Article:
• An enjoyable sound. This last point might not seem important, but it is something that needs to be considered before you make a purchase. As drivers have gotten bigger and bigger, some of them have been designed in a way that causes them to make an 'interesting' sound at impact. You don't want to use a club that you hate listening to every time you blast the ball off the tee. The sound your driver makes is not as important as the first two entries in this list, but do give it some consideration. You can think of this last point as a tiebreaker – if you are trying to decide between two clubs that perform similarly, pick the one that sounds best to your ears.

To sum it up, you should be looking for a club that sounds great, looks great, and produces a ball flight that fits with your playing style. As these are all points which relate to personal preference and taste, the driver that you fall in love with might not be a particularly popular model. Or it might be the most popular driver in the game at the moment – you won't' know until you start shopping and testing out various options. Do your best to avoid letting the opinions of other golfers influence your choice too dramatically, as you are on the only golfer who needs to use this club. It's okay to read a few reviews as you do your research, but this needs to be your decision in the end.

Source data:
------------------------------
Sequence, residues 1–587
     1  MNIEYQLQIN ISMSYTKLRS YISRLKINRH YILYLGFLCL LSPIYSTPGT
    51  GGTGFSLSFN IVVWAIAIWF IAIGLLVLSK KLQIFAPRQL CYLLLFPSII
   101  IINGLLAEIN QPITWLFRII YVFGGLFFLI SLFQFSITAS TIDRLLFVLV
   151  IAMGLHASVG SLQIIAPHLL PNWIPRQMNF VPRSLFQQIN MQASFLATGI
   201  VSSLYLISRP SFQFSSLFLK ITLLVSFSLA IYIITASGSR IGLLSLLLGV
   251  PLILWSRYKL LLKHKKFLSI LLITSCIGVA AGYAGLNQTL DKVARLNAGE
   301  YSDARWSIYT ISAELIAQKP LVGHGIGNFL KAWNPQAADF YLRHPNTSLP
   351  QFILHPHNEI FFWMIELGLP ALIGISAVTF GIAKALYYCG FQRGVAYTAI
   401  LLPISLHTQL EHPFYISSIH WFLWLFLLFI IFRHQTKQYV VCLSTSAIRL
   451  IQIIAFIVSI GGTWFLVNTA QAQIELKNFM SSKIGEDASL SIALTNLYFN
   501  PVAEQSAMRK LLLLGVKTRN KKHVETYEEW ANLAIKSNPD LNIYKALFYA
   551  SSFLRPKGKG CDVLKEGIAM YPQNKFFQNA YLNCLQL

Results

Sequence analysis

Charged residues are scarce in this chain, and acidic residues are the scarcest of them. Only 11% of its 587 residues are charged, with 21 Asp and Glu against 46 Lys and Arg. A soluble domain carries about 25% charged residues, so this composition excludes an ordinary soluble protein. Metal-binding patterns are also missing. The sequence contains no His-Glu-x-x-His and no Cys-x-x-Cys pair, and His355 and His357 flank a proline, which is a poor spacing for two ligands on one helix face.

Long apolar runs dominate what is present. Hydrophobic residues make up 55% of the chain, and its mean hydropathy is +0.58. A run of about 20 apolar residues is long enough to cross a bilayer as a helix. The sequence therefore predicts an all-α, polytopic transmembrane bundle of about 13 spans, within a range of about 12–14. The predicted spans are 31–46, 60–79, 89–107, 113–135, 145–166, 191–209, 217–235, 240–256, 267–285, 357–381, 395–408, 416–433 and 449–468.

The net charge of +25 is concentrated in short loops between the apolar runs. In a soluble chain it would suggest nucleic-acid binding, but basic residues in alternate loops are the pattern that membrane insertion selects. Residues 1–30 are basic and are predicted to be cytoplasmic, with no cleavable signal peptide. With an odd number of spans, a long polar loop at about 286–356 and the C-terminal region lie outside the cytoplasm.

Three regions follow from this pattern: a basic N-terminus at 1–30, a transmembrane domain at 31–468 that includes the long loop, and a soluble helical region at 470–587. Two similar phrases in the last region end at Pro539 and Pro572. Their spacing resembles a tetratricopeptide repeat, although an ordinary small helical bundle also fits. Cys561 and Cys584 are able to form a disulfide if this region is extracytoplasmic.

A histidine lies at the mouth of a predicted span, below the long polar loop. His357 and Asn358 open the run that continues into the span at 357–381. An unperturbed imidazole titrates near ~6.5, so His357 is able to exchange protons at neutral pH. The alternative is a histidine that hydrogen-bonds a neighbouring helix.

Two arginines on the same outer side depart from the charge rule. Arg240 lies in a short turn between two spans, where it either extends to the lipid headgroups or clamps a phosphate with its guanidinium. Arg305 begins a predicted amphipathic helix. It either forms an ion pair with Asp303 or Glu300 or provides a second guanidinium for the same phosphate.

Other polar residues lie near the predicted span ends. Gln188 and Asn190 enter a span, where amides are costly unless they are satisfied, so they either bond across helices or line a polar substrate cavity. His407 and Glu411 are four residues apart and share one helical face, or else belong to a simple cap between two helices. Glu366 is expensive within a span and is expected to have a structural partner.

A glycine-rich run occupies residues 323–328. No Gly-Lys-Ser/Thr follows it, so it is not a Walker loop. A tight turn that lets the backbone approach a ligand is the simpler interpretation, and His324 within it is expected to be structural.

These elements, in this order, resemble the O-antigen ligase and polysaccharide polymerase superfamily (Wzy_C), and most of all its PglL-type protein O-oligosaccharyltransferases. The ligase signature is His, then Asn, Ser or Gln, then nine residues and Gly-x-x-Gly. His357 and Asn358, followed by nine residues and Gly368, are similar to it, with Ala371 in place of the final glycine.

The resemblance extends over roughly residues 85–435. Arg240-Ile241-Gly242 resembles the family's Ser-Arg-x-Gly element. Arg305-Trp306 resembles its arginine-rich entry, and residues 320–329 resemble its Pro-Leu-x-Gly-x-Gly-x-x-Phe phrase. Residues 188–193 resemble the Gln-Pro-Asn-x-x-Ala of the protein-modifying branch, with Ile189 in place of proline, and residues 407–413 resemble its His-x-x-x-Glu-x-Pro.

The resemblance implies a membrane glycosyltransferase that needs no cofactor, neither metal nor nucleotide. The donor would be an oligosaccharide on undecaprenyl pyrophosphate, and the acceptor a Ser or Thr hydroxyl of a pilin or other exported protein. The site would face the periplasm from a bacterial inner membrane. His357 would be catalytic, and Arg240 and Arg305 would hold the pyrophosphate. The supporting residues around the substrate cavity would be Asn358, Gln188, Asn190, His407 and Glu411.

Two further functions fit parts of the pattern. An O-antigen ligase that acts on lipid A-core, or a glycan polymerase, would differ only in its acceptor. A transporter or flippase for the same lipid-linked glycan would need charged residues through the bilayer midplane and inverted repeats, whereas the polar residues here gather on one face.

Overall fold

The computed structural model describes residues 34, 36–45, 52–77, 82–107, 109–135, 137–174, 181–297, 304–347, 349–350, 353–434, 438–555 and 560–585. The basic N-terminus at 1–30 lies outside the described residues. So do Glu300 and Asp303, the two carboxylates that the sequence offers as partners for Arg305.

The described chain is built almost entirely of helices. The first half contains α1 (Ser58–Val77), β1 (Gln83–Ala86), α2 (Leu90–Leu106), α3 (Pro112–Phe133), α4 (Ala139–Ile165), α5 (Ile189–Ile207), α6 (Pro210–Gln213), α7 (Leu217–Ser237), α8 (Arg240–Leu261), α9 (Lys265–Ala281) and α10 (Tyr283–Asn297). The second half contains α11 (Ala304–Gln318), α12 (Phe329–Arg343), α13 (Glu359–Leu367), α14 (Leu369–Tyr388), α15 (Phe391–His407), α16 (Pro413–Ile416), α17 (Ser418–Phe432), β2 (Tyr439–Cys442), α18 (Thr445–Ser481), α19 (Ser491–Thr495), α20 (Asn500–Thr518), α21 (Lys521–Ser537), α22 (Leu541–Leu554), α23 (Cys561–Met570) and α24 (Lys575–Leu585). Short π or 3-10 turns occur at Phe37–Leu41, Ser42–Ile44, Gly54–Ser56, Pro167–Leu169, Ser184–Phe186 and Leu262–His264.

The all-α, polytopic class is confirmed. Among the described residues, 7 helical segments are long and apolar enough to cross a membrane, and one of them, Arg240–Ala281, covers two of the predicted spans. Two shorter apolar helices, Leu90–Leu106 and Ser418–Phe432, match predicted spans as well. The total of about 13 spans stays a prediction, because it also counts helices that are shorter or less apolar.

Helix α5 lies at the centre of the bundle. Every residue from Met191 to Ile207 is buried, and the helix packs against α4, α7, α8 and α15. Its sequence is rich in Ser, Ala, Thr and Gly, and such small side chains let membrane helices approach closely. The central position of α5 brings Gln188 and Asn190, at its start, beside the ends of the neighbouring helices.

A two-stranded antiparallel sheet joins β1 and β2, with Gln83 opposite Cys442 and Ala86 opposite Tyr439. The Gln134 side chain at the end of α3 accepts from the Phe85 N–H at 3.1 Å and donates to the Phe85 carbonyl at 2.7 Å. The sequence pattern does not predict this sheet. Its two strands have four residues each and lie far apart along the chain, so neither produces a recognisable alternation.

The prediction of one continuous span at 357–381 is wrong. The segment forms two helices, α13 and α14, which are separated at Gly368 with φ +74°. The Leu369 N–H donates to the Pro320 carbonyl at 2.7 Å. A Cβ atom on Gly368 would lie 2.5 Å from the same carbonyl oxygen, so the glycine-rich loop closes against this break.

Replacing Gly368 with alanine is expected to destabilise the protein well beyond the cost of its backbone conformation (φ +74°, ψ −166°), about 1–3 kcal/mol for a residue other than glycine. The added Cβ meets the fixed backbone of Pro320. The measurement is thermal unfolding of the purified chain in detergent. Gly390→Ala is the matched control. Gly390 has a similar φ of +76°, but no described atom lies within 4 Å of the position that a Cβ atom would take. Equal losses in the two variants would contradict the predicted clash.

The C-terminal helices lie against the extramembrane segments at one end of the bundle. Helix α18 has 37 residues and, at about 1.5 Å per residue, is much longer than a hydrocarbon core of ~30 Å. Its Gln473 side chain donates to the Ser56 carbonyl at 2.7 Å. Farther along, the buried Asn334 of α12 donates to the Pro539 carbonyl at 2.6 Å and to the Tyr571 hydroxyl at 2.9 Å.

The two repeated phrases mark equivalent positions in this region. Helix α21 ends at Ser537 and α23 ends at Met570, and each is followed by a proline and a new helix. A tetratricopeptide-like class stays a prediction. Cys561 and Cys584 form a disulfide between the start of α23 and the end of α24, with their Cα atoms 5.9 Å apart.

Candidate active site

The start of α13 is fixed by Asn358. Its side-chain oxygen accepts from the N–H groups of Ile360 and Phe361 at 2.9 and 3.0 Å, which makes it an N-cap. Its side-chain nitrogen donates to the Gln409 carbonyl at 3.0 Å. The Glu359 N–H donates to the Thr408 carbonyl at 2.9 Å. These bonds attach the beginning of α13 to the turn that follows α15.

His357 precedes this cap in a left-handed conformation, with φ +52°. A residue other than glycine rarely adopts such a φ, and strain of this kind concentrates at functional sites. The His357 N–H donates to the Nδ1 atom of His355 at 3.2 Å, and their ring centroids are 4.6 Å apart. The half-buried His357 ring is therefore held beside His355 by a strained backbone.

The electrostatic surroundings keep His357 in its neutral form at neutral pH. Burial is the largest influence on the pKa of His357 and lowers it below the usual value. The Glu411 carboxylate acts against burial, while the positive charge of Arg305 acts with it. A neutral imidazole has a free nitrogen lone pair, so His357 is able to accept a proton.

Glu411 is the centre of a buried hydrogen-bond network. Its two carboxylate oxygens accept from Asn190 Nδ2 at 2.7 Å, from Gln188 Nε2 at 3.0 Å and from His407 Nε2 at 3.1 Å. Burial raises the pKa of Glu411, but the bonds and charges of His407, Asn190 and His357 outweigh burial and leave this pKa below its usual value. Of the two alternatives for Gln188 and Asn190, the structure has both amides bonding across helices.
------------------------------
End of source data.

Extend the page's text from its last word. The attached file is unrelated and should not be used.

Getting Scientific

Getting Scientific

If you walk into your local golf shop, you will find a large selection of drivers for you to consider. Just looking at them on the shelves can give you a good idea of which one you will like visually – but it really isn't going to tell you anything about their performance. For that, you'll actually need to hit some balls with a variety of drivers, so you can compare one against the next until you come up with a winner.